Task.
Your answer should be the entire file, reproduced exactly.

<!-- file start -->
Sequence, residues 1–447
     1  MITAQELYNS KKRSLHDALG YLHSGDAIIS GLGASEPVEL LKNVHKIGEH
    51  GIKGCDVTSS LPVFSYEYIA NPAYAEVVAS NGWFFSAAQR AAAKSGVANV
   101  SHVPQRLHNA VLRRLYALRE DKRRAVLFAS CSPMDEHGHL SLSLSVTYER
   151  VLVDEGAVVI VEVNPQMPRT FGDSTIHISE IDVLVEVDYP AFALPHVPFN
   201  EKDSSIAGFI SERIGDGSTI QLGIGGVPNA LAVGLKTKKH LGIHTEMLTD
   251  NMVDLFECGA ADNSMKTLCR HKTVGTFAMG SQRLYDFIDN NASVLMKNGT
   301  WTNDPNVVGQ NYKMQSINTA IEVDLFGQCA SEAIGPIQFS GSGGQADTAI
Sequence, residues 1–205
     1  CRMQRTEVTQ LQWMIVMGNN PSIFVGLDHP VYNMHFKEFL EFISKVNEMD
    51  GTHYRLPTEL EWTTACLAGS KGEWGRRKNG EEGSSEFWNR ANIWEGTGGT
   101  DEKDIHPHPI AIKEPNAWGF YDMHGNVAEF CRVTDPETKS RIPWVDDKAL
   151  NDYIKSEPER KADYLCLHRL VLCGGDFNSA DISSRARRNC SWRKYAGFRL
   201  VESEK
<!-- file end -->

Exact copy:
Sequence, residues 1–447
     1  MITAQELYNS KKRSLHDALG YLHSGDAIIS GLGASEPVEL LKNVHKIGEH
    51  GIKGCDVTSS LPVFSYEYIA NPAYAEVVAS NGWFFSAAQR AAAKSGVANV
   101  SHVPQRLHNA VLRRLYALRE DKRRAVLFAS CSPMDEHGHL SLSLSVTYER
   151  VLVDEGAVVI VEVNPQMPRT FGDSTIHISE IDVLVEVDYP AFALPHVPFN
   201  EKDSSIAGFI SERIGDGSTI QLGIGGVPNA LAVGLKTKKH LGIHTEMLTD
   251  NMVDLFECGA ADNSMKTLCR HKTVGTFAMG SQRLYDFIDN NASVLMKNGT
   301  WTNDPNVVGQ NYKMQSINTA IEVDLFGQCA SEAIGPIQFS GSGGQADTAI
Sequence, residues 1–205
     1  CRMQRTEVTQ LQWMIVMGNN PSIFVGLDHP VYNMHFKEFL EFISKVNEMD
    51  GTHYRLPTEL EWTTACLAGS KGEWGRRKNG EEGSSEFWNR ANIWEGTGGT
   101  DEKDIHPHPI AIKEPNAWGF YDMHGNVAEF CRVTDPETKS RIPWVDDKAL
   151  NDYIKSEPER KADYLCLHRL VLCGGDFNSA DISSRARRNC SWRKYAGFRL
   201  VESEK